Published on July 3rd, 2013 | by Idania.Silvia0
What Does The Future Hold For Telematics?
If you thought the present age was full to the brim of computer technology already then you may well have to adjust your thinking after reading what the future holds for telematics. The industry which began in the 1980s with the convergence of telecommunications and informatics really took off when the United States military allowed governments and enterprises access to the global positioning service and their satellites.
A situation which is now out of the grasp of Americans and sees satellites run by several nations and corporations offering GPS services to their own populations and rival technology. This boom in satnav products and computerised tracking gave way to the thinking that our lives and actions could be monitored in so much more detail, so much more information gleamed that our lives can be made safer, our journeys more secure and costs of insurance decreased and driven down.
Vehicle Telematics Opening Up The Insurance Market
However vehicle telematics, the term borne from the original GPS infomine, will now see a full array of services and a suite of companies vying to gain access to your personal driving and vehicular information. From as early as 2015, the European Union is demanding that all new cars have an Ecall Box installed. This little telematics device will, upon button press, alert the local Emergency services to your accident spot and hopes to save lives with a quicker response time. But at the same time, millions of car owners wonder if they will be tracked continually.
Furthermore, what was to be a useful gimmick for an insurance house to save money on payouts by calculating risk as well as offering their customers a new way to supply a better quote over their competitor. Has actually in turn, seen car manufacturers take advantage of vehicle telematics technology themselves, install their own device and then go on to sell insurance and services themselves.
So what was originally a useful insurance company gimmick, may well see a more open market with car manufacturers able to offer services directly to the driver of their cars, breakdown services, sat nav and related offerings all bundled in. Indeed, CitroÎn has already started fitting such a device with other manufacturers set to follow.
The Not So Distant Future – An Automated Lifestyle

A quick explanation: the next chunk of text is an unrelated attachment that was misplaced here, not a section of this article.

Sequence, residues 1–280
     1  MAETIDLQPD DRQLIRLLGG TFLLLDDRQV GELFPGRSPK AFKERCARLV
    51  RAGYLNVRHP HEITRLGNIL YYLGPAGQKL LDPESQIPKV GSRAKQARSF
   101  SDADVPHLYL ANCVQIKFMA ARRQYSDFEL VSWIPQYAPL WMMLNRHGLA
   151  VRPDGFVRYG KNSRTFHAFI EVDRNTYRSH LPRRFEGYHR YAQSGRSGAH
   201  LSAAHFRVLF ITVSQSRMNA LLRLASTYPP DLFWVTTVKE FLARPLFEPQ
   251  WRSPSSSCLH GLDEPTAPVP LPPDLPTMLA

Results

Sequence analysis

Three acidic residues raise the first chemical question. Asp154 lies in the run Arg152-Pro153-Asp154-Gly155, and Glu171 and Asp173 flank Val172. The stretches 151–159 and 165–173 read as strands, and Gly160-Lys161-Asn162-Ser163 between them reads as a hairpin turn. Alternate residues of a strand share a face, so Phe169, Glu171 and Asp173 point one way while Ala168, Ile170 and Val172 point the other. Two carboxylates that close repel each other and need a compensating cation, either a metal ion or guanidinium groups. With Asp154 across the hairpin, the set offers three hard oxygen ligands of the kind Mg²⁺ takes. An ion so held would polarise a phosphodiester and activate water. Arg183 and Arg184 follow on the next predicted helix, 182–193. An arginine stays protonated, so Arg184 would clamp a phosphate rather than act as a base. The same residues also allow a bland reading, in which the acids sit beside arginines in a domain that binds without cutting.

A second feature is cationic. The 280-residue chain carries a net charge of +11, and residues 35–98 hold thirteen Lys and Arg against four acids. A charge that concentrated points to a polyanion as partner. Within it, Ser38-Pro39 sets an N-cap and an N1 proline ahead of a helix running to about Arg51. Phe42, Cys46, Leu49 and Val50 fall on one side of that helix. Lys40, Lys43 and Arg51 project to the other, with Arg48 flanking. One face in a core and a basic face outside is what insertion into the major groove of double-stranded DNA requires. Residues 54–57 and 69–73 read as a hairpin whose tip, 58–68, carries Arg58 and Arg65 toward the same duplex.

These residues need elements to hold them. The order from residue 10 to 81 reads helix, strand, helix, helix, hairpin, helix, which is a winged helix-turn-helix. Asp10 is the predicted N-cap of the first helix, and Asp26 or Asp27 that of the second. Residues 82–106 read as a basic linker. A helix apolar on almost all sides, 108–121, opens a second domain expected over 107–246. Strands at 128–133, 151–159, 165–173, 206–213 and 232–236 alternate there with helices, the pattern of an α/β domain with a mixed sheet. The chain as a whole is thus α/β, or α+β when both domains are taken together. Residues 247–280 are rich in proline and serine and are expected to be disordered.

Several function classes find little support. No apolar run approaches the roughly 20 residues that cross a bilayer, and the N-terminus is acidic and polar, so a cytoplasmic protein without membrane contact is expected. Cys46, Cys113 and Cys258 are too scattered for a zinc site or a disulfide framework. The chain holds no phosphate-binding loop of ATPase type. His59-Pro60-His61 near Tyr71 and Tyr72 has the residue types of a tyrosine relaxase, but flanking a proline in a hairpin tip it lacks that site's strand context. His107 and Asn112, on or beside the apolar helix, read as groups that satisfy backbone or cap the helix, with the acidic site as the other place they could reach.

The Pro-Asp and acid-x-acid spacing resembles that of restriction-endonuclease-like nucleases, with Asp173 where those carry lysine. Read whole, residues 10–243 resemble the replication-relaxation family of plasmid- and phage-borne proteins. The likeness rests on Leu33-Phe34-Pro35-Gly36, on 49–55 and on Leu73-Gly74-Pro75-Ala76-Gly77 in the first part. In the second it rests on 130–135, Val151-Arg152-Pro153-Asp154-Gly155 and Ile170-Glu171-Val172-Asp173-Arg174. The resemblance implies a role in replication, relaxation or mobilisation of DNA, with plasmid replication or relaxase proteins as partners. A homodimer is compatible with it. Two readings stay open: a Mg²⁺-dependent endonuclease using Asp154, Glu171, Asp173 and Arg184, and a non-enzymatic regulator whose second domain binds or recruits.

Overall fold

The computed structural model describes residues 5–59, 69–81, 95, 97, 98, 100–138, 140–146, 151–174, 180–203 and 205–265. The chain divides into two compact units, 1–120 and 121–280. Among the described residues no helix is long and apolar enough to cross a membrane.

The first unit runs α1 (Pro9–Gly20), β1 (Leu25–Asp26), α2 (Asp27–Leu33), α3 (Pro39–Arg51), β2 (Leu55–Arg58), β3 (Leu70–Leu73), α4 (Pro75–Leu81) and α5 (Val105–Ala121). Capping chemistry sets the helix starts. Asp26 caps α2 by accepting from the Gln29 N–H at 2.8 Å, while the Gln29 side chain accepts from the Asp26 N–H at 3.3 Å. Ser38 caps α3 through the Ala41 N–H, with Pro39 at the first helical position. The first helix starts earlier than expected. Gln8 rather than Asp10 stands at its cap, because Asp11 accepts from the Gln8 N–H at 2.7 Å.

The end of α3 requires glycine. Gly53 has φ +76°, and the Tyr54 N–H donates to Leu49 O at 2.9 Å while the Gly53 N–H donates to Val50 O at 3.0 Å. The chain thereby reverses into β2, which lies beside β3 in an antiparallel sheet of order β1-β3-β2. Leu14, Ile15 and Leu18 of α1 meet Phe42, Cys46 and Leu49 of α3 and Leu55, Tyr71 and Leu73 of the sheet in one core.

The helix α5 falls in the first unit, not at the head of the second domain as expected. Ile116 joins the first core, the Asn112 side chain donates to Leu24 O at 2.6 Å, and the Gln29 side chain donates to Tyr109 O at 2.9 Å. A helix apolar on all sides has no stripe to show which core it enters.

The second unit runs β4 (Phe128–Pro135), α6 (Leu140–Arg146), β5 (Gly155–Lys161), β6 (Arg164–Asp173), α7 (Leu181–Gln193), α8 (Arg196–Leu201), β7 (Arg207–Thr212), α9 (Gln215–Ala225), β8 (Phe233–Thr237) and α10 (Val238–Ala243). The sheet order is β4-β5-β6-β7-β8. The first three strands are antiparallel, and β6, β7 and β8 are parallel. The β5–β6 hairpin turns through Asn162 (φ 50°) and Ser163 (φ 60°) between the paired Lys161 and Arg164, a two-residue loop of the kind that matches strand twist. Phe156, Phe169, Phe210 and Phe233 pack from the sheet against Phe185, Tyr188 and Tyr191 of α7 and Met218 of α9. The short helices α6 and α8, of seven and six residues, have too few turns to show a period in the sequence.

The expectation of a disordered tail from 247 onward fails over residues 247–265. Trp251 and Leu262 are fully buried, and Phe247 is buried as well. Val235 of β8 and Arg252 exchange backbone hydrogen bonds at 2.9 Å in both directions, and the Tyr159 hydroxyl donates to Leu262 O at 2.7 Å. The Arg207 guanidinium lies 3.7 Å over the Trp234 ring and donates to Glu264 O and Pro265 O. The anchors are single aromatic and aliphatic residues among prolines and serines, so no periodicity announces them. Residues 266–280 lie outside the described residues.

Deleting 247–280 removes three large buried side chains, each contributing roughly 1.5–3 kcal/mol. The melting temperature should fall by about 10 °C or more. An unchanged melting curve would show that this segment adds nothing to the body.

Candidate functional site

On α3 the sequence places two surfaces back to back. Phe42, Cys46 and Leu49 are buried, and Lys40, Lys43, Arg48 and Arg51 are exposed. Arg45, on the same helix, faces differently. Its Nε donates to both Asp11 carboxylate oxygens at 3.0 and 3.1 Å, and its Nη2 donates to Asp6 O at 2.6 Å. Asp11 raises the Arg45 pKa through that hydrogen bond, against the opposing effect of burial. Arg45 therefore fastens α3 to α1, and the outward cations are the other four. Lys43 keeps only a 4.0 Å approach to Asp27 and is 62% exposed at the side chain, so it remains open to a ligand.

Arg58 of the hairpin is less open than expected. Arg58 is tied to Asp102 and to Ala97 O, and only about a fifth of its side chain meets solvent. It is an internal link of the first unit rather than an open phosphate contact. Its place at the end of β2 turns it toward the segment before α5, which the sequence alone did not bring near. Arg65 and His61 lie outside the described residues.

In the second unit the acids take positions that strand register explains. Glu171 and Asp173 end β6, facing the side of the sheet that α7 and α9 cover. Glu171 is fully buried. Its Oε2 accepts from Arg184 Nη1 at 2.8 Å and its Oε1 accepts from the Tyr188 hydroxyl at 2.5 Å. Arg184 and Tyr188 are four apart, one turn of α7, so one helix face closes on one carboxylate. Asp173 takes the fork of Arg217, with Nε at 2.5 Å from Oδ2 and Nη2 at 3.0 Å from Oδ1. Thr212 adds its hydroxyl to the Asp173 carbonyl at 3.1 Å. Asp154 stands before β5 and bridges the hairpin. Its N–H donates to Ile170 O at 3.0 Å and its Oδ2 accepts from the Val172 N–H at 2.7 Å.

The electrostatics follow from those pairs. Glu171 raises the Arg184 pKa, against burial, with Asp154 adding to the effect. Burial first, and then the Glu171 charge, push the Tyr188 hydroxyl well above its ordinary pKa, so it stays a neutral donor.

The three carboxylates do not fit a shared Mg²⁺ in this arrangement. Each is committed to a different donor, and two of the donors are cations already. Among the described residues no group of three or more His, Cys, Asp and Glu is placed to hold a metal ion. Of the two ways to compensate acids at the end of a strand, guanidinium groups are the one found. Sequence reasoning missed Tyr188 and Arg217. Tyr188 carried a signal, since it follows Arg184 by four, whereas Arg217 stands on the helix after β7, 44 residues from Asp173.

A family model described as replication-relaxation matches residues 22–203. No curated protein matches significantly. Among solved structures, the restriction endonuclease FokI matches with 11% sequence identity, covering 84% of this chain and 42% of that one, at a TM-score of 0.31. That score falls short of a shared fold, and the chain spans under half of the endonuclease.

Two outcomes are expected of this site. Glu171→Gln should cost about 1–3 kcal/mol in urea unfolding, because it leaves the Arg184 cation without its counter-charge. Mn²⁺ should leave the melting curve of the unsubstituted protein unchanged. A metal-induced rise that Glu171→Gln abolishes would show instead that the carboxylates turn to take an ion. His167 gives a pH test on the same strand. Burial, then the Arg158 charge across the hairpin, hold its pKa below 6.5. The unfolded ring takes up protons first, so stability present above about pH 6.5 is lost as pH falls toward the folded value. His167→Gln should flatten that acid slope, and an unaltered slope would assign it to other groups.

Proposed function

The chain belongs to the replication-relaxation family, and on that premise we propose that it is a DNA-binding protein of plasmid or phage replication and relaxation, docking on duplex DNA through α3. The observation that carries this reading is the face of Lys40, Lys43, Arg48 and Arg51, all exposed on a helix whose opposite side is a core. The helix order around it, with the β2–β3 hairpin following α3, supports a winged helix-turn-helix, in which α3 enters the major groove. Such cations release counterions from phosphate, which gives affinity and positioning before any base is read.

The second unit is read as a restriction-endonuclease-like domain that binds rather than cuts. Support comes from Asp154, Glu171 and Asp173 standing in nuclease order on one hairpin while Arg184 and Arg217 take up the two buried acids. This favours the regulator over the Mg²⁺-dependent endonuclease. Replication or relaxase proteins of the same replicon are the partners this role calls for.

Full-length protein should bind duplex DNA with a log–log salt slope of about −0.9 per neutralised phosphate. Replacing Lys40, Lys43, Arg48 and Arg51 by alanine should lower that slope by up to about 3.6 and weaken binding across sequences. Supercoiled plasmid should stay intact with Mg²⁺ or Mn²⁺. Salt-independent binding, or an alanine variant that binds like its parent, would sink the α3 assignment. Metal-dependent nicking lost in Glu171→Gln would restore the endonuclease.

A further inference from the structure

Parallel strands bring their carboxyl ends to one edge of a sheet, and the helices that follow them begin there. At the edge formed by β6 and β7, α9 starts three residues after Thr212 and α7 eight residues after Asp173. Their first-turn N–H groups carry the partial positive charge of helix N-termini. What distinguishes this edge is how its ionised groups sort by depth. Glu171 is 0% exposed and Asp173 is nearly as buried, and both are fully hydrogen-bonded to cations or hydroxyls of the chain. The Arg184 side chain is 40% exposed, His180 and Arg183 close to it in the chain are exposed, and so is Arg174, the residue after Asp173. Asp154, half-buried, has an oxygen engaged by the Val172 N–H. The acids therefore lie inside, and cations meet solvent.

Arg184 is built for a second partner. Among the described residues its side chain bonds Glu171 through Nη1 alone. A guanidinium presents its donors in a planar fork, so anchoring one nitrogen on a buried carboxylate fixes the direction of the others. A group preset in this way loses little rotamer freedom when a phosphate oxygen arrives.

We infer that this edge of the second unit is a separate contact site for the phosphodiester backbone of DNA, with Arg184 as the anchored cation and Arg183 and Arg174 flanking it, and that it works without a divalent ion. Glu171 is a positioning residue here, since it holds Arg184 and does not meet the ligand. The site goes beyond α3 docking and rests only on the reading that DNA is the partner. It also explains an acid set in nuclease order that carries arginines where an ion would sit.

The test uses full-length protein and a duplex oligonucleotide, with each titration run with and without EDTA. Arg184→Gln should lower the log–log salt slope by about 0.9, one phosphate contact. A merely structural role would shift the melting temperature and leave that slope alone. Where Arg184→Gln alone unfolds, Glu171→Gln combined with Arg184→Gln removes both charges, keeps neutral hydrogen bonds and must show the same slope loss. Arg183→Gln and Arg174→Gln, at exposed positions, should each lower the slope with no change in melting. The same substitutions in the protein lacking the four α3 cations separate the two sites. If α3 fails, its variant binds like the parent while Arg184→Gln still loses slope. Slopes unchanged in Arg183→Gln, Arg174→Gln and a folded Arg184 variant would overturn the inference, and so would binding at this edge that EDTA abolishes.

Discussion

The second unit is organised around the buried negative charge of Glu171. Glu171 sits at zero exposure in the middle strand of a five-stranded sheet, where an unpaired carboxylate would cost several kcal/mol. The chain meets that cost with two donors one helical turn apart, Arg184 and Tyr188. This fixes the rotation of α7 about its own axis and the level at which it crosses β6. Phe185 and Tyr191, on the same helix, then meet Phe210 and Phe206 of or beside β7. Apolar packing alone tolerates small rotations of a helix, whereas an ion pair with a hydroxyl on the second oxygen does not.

Vehicle telematics isn’t just about insurance however. The phrase will in the future grow to encompass a far reaching set of automatically recorded information that is tracked and collated by computers and sensors, in turn becoming invisible in our daily lives as it collates all the information on what we do and what we might do.
Take for instance our cars. With intelligent telematic devices fitted on all cars in the world or in a specific country, with satellite tracking, road side sensors, cars from different manufacturers all communicating and computers continually discerning information received, speeds, accident hot spots, traffic jams, slowly but surely society will end up with cars that can drive for themselves.
So while insurance is the main driver of vehicle telematics right now, the future when it comes to the industry on the whole is very promising and will in fact invade every level of our society. Already, airlines are considering pilot less flights, as with any technological development, other industries find uses. Perhaps advertising at garages and road sides will change to suit you. Information services could be delivered in-car, nearest hotel, restaurants, the computer thinking for you based on previous requests.
Inevitably the future of telematics will lead to a safer more computerised society with big brother or someone’s brother watching over every step you make. There is of course a good and a bad side to all of this intrusion. While auto telematics insurance will reduce costs, self drive cars will increase safety and carefully targeted information based on GPS positioning and previous history will save time, the fun of driving a car may disappear altogether unless a self drive car function from the iRobot film is allowed to remain.
For more information on Telematics and how it will be changing our lives, visit Telematics.com